The Government is working to bring together 33 countries of the region that make up the Community of Latin American and Caribbean States (CELAC) so that Alberto FernĂˇndez can be elected president of this regional group.
Since the bloc has no protocols or a specific institutional framework for electing authorities, the Casa Rosada hopes that "friends will support and those that are not our friends will not say anything."
As LPO learned, if elected by his peers, Alberto will promote a Latin American Aerospace Agency together with Mexico, Honduras and Costa Rica, but his main goal will be to lead a process of political articulation and mediation of the conflicts in the region involving, mainly, Cuba, Venezuela and Nicaragua.
This is a diplomatic move that seeks to counteract the role of the OAS led by Uruguayan Luis Almagro, strongly aligned with U.S. interests. Foreign Minister Felipe SolĂˇ is currently in Mexico negotiating the possibility of Alberto taking over the position.
As in other regional initiatives, Argentina has consolidated a political alliance with the government of Mexican Lopez Obrador, which also maintains a tough confrontation with Almagro, as revealed by LPO.
Sources from the Foreign Ministry consulted by LPO confirmed the version and were confident that support will be obtained. "We are well positioned," they acknowledged.
In relation to the countries that could be opposed, the San Martin Palace includes Brazil, Colombia and Ecuador in the list of resisting countries, which would not be an impediment.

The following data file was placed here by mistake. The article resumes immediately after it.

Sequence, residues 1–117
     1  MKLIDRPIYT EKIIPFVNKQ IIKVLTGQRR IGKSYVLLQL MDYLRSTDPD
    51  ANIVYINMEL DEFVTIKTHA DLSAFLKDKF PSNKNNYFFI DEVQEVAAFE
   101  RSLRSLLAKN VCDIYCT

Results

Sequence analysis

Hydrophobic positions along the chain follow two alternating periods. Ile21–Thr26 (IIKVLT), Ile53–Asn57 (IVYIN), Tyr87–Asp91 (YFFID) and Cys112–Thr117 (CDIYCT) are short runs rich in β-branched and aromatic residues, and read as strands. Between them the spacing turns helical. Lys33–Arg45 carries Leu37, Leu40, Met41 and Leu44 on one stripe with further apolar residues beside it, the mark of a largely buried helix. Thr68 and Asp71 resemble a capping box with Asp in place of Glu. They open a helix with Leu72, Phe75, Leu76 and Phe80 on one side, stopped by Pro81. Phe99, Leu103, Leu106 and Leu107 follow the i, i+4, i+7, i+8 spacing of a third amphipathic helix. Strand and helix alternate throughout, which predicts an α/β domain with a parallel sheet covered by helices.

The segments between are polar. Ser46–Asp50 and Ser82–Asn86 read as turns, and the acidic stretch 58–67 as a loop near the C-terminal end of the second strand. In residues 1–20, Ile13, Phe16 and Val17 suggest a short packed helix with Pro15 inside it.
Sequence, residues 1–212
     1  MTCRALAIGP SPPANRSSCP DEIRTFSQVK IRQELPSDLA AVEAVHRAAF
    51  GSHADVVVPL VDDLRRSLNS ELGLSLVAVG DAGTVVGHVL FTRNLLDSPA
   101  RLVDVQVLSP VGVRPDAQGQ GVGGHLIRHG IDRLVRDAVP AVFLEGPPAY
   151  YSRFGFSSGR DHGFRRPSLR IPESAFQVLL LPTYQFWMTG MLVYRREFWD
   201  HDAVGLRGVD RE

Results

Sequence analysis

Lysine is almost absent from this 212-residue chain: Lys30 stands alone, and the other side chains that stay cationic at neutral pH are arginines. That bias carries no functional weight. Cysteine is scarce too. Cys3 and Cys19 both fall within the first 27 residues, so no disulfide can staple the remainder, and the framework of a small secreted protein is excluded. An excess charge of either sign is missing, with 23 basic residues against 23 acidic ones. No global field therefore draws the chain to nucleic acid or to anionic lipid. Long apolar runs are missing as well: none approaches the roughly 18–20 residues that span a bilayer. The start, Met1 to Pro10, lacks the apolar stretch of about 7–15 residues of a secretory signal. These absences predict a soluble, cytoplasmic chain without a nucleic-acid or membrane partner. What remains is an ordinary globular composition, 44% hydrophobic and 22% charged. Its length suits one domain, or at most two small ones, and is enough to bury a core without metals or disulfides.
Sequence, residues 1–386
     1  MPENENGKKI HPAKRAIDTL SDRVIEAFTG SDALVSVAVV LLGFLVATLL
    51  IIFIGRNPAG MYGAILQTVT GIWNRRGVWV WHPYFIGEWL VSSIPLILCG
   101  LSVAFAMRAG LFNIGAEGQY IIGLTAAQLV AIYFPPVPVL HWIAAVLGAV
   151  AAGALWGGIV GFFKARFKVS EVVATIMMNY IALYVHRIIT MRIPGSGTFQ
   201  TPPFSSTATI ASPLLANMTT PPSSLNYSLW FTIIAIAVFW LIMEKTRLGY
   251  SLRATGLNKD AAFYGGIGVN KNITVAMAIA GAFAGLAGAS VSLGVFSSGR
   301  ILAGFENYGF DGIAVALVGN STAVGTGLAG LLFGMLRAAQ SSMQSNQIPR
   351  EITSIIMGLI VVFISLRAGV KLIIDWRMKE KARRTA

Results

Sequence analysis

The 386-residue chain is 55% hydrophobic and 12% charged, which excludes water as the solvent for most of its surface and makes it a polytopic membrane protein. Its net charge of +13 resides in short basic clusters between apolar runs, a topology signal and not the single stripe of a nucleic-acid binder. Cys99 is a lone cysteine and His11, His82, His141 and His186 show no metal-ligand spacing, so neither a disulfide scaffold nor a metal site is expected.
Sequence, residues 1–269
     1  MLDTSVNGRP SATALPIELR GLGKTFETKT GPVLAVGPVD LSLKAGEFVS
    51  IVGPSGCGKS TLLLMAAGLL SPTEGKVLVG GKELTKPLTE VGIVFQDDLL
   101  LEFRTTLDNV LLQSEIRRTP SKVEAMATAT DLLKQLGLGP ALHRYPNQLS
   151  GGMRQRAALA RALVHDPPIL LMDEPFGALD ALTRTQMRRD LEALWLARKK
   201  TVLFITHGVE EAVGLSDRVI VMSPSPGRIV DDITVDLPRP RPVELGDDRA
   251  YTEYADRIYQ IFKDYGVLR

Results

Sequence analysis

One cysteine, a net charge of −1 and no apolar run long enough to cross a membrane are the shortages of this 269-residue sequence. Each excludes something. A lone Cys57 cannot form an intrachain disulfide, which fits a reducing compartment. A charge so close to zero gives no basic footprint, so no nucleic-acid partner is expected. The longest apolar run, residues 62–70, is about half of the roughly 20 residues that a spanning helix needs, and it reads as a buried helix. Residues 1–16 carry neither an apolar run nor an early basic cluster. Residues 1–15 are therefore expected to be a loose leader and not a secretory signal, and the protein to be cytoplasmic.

Also, Argentina's objectives for Celac include commercial elements. "We are promoting a Mercosur trade agreement with Central American countries in which we see a business opportunity for industrial products, particularly pick-ups. With Mexico, we opened up the meat market and there is a huge potential for growth," a member of Felipe SolĂˇ's team - who is in Mexico to attend the summit - told LPO.
Along the same lines, The Foreign Ministry's Secretary of International Economic Relations, Jorge Neme, is currently touring Mexico, Guatemala, Honduras, and El Salvador.
If Alberto succeeds in leading Celac, he will have support to debate the burning issues that currently take over the Latin American public agenda, but without pressure from the United States. Nevertheless, the government agrees with the recent positions of the United States, Canada, and the European Union regarding the situation in Venezuela and trusts that the agendas can be complemented. Cuba is a separate issue because it is almost a matter of domestic politics for the United States due to the enormous political weight of the Cuban-American community in Florida, which is mostly Republican.
Celac was created in 2010 as a continuation of the Rio Group and was founded in the spirit of building a common space without the presence of the United States and Canada and an alternative to the OAS. During the period of center-left governments, the bloc had significant momentum, which was then diluted.
Currently, the presidency is held by Mexico, and if the figures consolidate according to government expectations, Alberto will take office in September and will be in charge for one year, during which he will try to raise the profile of the group, design observation missions for the next elections in the continent, promote trade agendas as well as refine his health diplomacy to assist countries that could not access enough vaccines to immunize its population.
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